January 26, 2011
Kleibrink's rink feeling cool as ice
By TODD SAELHOF, QMI Agency
Maybe it’s a case of father knows best.
Shannon Kleibrink certainly hopes so since having a curling conversation with dear ol’ dad in a lead-up to the 2011 Alberta Scotties.
“He said maybe this will be the year you win because of (your lack of expectations),” said Kleibrink, whose rink isn’t feeling the pressure of winning the upcoming provincial championship in Camrose.
The women’s finale begins Wednesday morning, with Kleibrink & Co. heading in with little in the way of recent game experience under their belts. After a limited bonspiel schedule during the fall, Kleibrink, third Amy Nixon, second Bronwen Webster and lead Chelsey Bell have spent almost zero time together since December’s Canada Cup.
And it’s been a welcome change of pace for the longtime teammates.
“Laying low,” said Kleibrink of executing a low-key, post-Olympics season.
“If anything, our expectations are lower this year than ever. Maybe there’s less pressure on us than ever because we planned to have such a laid-back year.”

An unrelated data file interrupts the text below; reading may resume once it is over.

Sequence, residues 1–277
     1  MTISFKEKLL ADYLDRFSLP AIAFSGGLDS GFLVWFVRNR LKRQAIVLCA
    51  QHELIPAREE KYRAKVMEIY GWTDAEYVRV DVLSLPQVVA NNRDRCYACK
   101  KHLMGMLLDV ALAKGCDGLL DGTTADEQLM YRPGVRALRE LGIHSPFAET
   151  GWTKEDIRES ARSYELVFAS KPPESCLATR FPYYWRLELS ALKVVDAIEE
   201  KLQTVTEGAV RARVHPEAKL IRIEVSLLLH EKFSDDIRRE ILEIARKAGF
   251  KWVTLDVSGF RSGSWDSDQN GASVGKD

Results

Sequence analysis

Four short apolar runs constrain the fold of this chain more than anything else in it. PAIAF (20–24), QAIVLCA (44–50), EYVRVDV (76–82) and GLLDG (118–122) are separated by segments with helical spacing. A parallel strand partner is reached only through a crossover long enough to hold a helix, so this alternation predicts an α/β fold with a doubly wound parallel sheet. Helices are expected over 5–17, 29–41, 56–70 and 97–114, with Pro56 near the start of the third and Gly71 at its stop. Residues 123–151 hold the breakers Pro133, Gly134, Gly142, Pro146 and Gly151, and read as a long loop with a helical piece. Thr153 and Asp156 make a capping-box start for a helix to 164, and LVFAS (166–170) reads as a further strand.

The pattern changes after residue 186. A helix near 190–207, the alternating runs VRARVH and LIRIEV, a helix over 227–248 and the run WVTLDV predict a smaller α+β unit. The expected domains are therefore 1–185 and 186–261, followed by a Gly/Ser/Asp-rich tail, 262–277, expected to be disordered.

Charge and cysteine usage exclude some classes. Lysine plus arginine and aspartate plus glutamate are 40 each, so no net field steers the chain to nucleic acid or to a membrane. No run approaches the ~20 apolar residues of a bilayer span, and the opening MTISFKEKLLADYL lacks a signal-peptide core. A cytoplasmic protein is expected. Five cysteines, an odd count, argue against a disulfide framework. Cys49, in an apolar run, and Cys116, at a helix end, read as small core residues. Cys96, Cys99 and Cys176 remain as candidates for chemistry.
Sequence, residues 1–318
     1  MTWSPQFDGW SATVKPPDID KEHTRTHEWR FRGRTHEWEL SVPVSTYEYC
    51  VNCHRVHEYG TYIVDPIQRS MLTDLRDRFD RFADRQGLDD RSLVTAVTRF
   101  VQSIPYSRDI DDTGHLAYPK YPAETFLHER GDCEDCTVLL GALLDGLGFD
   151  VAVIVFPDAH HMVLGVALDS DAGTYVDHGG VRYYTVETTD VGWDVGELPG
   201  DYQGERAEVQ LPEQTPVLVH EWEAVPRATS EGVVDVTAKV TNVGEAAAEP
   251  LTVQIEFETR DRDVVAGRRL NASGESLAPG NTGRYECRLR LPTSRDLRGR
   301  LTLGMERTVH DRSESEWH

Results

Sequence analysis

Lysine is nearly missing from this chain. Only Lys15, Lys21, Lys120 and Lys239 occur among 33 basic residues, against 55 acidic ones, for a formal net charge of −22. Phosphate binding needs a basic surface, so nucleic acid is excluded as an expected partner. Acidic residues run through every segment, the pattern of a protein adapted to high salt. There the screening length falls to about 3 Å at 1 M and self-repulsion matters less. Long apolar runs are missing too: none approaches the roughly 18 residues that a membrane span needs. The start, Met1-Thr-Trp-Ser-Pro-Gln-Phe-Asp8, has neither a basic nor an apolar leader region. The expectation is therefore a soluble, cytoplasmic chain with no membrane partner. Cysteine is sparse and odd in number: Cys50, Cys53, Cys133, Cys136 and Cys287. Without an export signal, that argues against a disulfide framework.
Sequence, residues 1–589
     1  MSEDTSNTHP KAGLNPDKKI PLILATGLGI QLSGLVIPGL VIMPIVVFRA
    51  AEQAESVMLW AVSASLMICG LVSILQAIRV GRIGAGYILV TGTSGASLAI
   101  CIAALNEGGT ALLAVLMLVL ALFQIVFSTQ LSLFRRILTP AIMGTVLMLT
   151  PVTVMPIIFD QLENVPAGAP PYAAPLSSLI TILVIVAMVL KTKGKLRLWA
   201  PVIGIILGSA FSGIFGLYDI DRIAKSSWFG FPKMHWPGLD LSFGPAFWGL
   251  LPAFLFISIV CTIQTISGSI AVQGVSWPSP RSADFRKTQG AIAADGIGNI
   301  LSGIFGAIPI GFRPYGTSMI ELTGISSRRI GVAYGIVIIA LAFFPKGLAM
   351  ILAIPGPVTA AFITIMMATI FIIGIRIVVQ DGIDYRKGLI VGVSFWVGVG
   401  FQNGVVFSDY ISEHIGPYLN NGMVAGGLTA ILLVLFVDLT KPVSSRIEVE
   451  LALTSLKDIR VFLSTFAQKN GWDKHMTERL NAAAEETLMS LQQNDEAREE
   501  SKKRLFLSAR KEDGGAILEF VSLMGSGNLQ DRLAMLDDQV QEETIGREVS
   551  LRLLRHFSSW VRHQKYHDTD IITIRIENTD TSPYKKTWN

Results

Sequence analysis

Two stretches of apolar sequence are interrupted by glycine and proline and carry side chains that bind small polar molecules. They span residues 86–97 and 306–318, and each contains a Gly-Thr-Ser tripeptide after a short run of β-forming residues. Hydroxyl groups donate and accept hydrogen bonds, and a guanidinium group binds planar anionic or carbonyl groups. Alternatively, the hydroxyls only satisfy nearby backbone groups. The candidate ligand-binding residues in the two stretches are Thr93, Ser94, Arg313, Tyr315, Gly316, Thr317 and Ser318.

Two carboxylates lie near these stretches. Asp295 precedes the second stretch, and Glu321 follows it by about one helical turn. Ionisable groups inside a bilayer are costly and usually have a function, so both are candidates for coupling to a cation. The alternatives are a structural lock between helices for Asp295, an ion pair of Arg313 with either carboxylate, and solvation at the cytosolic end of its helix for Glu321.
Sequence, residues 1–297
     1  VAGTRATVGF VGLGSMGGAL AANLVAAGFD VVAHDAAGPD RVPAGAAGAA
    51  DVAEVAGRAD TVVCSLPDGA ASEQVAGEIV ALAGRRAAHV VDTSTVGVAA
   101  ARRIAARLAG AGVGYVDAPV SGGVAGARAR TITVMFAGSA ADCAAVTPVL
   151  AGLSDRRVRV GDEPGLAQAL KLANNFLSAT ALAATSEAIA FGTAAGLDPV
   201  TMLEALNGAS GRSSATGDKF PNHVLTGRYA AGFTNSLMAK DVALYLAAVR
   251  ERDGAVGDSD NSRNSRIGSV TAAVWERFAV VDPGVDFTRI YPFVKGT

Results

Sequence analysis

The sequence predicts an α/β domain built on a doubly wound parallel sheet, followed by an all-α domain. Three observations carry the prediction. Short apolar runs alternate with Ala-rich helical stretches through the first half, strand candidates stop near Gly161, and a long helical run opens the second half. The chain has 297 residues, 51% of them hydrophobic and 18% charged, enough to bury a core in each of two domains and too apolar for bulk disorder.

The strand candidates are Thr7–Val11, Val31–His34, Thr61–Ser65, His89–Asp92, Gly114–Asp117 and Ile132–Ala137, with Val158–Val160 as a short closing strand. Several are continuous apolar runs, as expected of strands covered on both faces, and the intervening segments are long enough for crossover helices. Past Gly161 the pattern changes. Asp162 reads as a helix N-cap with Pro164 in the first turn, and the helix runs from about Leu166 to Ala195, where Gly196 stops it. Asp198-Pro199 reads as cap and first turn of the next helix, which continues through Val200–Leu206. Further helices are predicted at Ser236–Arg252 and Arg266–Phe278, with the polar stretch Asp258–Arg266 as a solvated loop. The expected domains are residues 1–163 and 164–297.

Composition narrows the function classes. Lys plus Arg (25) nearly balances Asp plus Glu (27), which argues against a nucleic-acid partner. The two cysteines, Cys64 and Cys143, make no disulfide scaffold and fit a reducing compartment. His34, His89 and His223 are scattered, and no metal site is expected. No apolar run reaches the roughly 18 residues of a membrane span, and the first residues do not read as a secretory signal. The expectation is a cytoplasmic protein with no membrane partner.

It’s been a solid season so far, as they head into the provincials with a World Curling Tour win at November’s Red Deer Classic and just two losses — including a semifinal drop to eventual-champion Stefanie Lawton of Saskatchewan — in the Medicine Hat-hosted Canada Cup.
Still, the Calgary Winter Club team is not anticipating the feeling of being targeted at the Alberta Scotties, in which the 12-team field looks to be as strong as ever.
“They say that every year,” said Kleibrink, 42. “Cheryl Bernard’s back in it, yes, (after missing last winter’s provincials to concentrate on her pending Vancouver Olympic Games appearance).”
But six-time queen Cathy King of Edmonton isn’t in the hunt.
There’s defending champ Valerie Sweeting, and fellow Edmontonian Heather Nedohin, who is a perennial contender.
Then there’s the contingent from southern Alberta — Calgary’s Heather Rankin, High River’s Tanilla Doyle and 2008 champion Kleibrink, who was last year’s runner-up in the finale at the Calgary Curling Club.
“I don’t know if we’ve ever felt the bullseye on our back at provincials,” Kleibrink said. “It’s such a great field this year — there’s five or six great teams — so I don’t think we’re feeling the pressure at all.
“We’re just the same as we’ve ever been — just take it one game at a time, starting at 6:30 p.m. Wednesday night and get at it.
“For us, winning that first game is a big deal. It gets you further ahead in the draw, especially when you get a first-round bye (for being the top Alberta Curling Tour points-getter) like we have.”
Added Webster, “Obviously, the pressure comes from yourself. We’ve been taking a bit different approach. We’ve been a bit more relaxed and casual.”
That just might do the trick.